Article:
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slyterence

Help with dynamic arrays

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Hey guys, I''m trying to read the vertices of an object out of a 3DS file, and I''ve successfully located the data, but as I don''t know beforehand how vertices there will be, I wanted to create a dynamic array, that would size itself according to a value taken from the file. I''m writing in C++ but I''m still learning it, and, although I know how to do what I want in VB, I haven''t been able to find examples for C++. Could someone please either post a solution, or suggest a different way of reading in an unspecified amount of data from a file. Thanks $£¥ We scratch our eternal itch A twentieth century bitch We are grateful for Our Iron Lung

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Guest Anonymous Poster
You need basic knowledge of pointers for this.

From there, you simply create your pointer, as below:

int *example;

and then allocate memory to it:

example = new int[5]; // creates 5 ints

and after finishing with it, it''s always good to de-allocate any memory (to avoid leaks).

delete [] example;

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Guest Anonymous Poster
Take a look at malloc and calloc, also if you are felling adventurous take a look at vectors

Malloc = allocate memory for an array , sequential = fast
Callco = the way the ms info says you should do the above.

Linked lists = memory can be all over the place so slower than arrays, but you can easily add to them.

Vector’s = no not the geom type, some guy from HP wrote the VC implementation I don’t know that much about there internal workings but they seem very cool, I have been told they are fast and you can add to them dynamically pushback I think. O also vertors are STD so they are implementation specific I think.

Hope this helps


Anon

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Guest Anonymous Poster
Yeah this is a really cool thing to do as you don''t the size of an array at runtime.

int *example = new int[anysize];

Yes basically the new keyword is used to dynamically allocate one or more objects at runtime in an area of memory called the heap. It returns a pointer to the first element in an array.

Always rember to deallocate your dynamic arrays:

delete[] example;

If your new to C++ and have been coding in VB then you probubaly don''t know what a pointer is otherwise ignore this quick brief.

A pointer holds the address of another variable. It is said to ''point'' to the variable.

you can access the data in pointers by using the indirection opperator ie:

int a = 5;
int *example

// & means address of so example points to the address of the variable a.

example = &a;

// Then you can acess the data that is held in what is pointed to by example using the indirection opperator *.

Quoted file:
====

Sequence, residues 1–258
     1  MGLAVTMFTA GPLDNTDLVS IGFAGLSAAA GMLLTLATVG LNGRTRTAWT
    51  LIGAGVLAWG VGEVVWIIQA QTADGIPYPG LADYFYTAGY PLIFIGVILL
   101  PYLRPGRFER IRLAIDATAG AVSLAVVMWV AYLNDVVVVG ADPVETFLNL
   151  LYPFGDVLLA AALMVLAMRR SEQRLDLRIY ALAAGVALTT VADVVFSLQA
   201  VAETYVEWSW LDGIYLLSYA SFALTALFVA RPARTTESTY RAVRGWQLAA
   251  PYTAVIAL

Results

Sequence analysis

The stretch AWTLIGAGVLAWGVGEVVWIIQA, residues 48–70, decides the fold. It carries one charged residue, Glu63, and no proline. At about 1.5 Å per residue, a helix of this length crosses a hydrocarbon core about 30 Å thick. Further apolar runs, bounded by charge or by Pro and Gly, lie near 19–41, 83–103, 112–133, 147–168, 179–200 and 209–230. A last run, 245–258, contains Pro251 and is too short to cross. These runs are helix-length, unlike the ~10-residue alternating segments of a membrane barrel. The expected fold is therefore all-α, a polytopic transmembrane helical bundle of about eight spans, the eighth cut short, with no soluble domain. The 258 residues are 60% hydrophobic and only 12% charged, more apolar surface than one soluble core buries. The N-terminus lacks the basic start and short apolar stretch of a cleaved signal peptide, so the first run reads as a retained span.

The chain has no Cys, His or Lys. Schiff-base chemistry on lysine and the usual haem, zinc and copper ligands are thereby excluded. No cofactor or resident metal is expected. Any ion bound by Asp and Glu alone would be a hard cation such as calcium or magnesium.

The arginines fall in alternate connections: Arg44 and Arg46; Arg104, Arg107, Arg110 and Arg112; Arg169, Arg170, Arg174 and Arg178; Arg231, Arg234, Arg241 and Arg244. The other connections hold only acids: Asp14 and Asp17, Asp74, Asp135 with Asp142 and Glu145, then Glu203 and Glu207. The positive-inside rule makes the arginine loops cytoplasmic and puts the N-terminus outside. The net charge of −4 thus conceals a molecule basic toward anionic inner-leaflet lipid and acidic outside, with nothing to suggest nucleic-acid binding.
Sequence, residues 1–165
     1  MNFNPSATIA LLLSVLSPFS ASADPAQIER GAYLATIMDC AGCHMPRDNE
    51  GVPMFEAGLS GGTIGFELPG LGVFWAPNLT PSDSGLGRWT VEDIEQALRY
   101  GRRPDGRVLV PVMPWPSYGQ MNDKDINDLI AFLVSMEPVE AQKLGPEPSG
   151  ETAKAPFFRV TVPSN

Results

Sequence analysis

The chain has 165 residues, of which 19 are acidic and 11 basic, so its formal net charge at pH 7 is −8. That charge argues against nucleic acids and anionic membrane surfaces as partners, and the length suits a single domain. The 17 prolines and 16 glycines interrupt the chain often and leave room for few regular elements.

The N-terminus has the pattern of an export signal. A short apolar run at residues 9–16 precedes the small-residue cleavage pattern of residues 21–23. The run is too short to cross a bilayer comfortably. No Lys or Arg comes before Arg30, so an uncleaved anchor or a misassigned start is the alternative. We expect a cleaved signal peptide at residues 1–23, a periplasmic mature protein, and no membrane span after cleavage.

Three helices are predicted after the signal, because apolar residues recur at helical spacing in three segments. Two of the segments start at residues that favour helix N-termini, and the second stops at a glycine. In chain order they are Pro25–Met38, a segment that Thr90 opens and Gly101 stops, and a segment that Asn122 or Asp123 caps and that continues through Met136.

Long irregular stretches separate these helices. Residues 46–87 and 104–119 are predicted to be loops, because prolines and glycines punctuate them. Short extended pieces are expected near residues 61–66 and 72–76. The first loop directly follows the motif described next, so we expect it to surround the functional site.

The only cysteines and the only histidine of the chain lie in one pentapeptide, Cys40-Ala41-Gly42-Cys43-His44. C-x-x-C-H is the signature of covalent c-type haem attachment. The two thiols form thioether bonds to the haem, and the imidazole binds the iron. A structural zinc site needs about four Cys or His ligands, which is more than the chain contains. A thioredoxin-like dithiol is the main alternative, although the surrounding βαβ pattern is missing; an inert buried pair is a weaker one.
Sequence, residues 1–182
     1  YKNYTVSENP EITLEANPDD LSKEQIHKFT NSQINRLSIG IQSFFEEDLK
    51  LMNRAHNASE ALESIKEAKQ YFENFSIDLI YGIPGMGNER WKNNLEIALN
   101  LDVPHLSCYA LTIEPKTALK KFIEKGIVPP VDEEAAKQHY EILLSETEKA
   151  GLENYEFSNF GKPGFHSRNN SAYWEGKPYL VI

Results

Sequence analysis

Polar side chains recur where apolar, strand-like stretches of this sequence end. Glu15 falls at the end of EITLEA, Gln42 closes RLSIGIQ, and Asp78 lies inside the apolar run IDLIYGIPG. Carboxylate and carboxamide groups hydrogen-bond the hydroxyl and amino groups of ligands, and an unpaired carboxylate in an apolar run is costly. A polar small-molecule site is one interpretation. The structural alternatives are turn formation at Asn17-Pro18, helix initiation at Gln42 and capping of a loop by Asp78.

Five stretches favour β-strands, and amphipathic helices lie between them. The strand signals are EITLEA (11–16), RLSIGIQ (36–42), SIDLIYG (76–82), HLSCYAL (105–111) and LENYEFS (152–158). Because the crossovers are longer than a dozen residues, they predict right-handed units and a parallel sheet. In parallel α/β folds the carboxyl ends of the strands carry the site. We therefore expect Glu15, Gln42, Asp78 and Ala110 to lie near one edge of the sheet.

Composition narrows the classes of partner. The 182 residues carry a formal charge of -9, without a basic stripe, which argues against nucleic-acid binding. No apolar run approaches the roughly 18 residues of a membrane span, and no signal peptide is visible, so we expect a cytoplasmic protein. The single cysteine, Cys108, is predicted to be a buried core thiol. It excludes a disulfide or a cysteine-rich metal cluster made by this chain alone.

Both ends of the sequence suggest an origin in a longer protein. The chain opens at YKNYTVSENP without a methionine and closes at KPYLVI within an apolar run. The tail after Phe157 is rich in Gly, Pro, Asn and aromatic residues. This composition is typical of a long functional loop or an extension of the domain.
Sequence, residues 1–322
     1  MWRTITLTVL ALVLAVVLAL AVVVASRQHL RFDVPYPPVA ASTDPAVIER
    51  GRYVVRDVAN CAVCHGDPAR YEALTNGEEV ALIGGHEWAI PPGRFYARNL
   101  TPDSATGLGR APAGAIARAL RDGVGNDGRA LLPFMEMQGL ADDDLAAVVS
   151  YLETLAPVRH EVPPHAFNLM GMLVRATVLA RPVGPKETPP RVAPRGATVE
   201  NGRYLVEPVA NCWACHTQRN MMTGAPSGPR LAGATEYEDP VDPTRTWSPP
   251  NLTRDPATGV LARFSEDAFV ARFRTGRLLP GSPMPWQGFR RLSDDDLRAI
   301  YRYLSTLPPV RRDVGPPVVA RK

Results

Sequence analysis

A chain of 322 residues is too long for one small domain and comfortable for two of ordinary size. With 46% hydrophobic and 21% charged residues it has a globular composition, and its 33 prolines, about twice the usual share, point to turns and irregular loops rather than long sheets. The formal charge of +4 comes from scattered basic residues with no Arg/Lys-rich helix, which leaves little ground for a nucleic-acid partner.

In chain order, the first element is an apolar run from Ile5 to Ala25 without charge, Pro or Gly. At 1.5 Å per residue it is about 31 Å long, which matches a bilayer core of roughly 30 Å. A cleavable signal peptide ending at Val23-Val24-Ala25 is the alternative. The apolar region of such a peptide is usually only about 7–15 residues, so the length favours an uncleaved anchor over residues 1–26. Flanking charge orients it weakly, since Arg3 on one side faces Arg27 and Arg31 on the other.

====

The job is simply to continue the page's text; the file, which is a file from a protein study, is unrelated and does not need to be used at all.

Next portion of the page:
*example = 6;

So now the value in a will be 6 instead of five.

Sorry if this is a bit basic but you need to know pointers in C++ they are vital and don''t exsist in most other programming languages

Happy Coding :-)

~Steve~

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Guest Anonymous Poster
You don''t need a dynamic array at all. Just make two passes through the data. The first pass you can find out how many verticies are there and then you can allocate your memory and then read the verticies in on your second pass.

Nate

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quote:
Original post by Anonymous Poster
The first pass you can find out how many verticies are there and then you can allocate your memory

... which would give you a dynamic array.



~~~~~~~~~~
Martee

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Guest Anonymous Poster
Dynamic can be interpreted two ways. First, simply an array that is allocated at runtime. Second, an array that is allocated at runtime and can resize itself.
I believe Nate meant dynamic in that it could resize itself. (using linked-lists you could allocate the memory as you read in data)

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Guest Anonymous Poster
A dynamic array is an array that has the ability to change its size on the fly, for example a vector. Allocating an array of fixed size that never changes is hardly dynamic. It is a dynamic memory allocation, but not a dynamic array.

Nate

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Guest Anonymous Poster
Hi


Anyone have a good description of the internal workings of the Vector’s I presume they are a liked list of dynamically allocated memory, anyone like to enlighten me?


Anon

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No, actually Vectors are more like simple arrays than link lists. It allocates some set amount of memory, and then when you want more than it has, it has to allocate a larger block, and copy the old data over. That''s why they can get slow if they have to keep resizing.

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